Disillusionment comes easily when things don’t turn out as we expect and those we trust don’t seem to deliver. If this is true with relatively minor things like the existence of mere men of legend, consider how devastating it can be when it comes to matters of eternal life and death. Have you ever been disappointed with God, either His action or His timing? Have you ever felt that His promises have failed or that we have ruined our chances of knowing His love and mercy? Have you ever feared that God doesn’t care about “people like me?” Disappointment with God is a common struggle. This is why the Bible tells us that “faith is the assurance of things hoped for, the conviction of things not seen.” (Hebrews 11:1)

As with a parade, we cannot see the big picture, only what is passing in front of us. To look at God through the lens of our circumstances can give a distorted view of Him. In the Bible, the Gospels give us that “drone’s eye view” of the parade and reveal to us the unfolding of God’s promises through the incarnation of a Redeemer.

Join us this Lord’s Day, November 26, as we celebrate the season by considering from Matthew’s gospel the unbelievable story of the eternal God who became flesh and dwelled among us, to keep all God’s promises and to give us new life. This week we consider Matthew 1:1-17, the genealogy of Jesus, and what it says about God’s love and faithfulness.

We meet from 5:00 – 6:30 pm in The Commons at St. Andrews Anglican Church at 8300 Kanis Rd in Little Rock. Click here for directions. Come with a friend you and join us for fellowship and conversation. We look forward to seeing you there.

Contentment or Complacency?

The Merriam-Webster Dictionary defines complacency as “self-satisfaction especially when accompanied by unawareness of actual dangers or deficiencies.”  On the surface it is easy to confuse complacency with contentment in our spiritual lives.   We are encouraged in Philippians 4:12-13 to learn contentment, not based on our circumstances, but on Christ’s sufficiency.  Yet, Psalm 36:1-2 warns us that it is those out of fellowship with the Lord who never have concern about their spiritual growth or condition.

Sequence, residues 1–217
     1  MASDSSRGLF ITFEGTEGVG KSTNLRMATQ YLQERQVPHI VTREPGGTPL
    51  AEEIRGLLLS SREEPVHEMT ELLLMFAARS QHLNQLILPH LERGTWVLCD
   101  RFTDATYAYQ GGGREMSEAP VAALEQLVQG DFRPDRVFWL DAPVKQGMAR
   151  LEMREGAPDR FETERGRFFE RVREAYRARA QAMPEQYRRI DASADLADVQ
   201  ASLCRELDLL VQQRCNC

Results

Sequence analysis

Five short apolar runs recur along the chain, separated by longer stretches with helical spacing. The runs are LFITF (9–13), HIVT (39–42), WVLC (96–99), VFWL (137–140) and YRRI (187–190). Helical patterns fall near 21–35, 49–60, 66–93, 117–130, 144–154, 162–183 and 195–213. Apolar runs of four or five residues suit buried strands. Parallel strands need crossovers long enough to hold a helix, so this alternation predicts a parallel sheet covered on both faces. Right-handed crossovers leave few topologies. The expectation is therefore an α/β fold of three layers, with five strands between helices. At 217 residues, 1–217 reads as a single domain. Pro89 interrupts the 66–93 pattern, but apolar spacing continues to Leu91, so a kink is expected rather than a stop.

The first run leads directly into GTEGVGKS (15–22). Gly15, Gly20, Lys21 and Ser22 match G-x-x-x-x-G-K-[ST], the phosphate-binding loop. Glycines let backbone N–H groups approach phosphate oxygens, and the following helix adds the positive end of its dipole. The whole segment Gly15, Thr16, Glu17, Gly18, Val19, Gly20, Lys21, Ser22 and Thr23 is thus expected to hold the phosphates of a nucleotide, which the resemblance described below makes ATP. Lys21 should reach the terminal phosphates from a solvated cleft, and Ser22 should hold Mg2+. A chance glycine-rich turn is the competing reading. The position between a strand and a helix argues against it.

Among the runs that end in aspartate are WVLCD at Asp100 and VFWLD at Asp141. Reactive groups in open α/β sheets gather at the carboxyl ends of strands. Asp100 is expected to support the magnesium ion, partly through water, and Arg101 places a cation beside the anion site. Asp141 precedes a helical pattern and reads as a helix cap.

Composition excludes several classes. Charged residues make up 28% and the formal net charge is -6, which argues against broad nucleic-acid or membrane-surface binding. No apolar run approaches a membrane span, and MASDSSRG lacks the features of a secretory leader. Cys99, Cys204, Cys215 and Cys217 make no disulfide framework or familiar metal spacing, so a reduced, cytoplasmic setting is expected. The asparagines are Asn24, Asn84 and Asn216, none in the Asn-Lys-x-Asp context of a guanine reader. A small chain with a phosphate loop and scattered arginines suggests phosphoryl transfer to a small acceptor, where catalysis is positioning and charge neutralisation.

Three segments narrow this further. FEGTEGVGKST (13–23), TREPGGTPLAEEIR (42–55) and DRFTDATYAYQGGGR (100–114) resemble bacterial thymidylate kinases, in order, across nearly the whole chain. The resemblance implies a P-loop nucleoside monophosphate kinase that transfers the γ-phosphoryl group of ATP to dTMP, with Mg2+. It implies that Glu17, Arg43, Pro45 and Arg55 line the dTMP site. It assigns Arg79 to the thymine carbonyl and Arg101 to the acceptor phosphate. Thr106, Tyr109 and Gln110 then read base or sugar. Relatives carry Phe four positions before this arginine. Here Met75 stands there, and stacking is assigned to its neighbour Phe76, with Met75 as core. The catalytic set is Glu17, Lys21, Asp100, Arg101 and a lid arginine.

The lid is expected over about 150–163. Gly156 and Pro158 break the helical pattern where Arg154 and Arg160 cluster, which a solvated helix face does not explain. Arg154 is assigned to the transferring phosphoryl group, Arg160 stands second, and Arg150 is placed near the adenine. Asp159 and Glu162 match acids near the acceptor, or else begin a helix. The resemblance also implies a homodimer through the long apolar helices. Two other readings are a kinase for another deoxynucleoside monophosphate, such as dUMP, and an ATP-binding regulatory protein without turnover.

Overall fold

Even mighty men of faith struggle to distinguish contentment from complacency in their spiritual lives.  John Calvin comments regarding Abraham in Genesis 17:1.

“The want of offspring had previously excited him to constant prayers and sighings; for the promise of God was so fixed in his mind, that he was ardently carried forward to seek its fulfillment. And now, falsely supposing that he had obtained his wish, he is led away by the presence of his son according to the flesh, from the expectation of a spiritual seed.”

Had Abraham become content with what God had not promised and so become complacent in his faith?  How often is this a struggle for us?  Join us this Lord’s Day, July 9, as we examine Genesis 17 and consider God’s grace kindness toward us, even when our faith is languid and complacent.  We meet from 5:00 – 6:30 pm in The Commons at St. Andrews Anglican Church at 8300 Kanis Rd in Little Rock.  Click here for directions.

Come with a friend you and join us for fellowship and conversation. We look forward to seeing you there.

Warp and Woof

Mathematics has axioms – presuppositions, accepted without proof — which form the basis for all subsequent mathematical proofs.   Likewise, Christianity demands certain presuppositions.  As a revealed religion, Christianity’s presuppositions, its axioms, must be accepted on faith.   But this often seems to be an intellectual cop-out.

An appeal to faith in a recent conversation with a friend and skeptic brought charges of “philosophical laziness.”  “No so,” I answered, but I also had to admit that the exercise of faith is not binary. Faith is not either on or off, absolute or absent, and not black and white.   Faith has contours.  It has a warp and woof which creates contours in quality, character, and shading.  Faith has axioms, but it also demands proofs.  It has doubts, but it asks questions.  It waxes and wanes, but does not fail.  It is a gift, but it must be exercised and grow directed by the Spirit through a process of sanctification.

Abraham is the paradigmatic man of faith in Scripture and Genesis 15:6 is the core profession of his faith.  But even in this passage we see the contours of Abraham’s faith as it is received and exercised.

Join us this Lord’s Day, June 18 as we examine the faith of Abraham from Genesis 15 and consider the contours of our own faith.  We meet from 5:00 – 6:30 pm in The Commons at St. Andrews Anglican Church at 8300 Kanis Rd in Little Rock.  Click here for directions.

Come with a friend you and join us for fellowship and conversation. We look forward to seeing you there.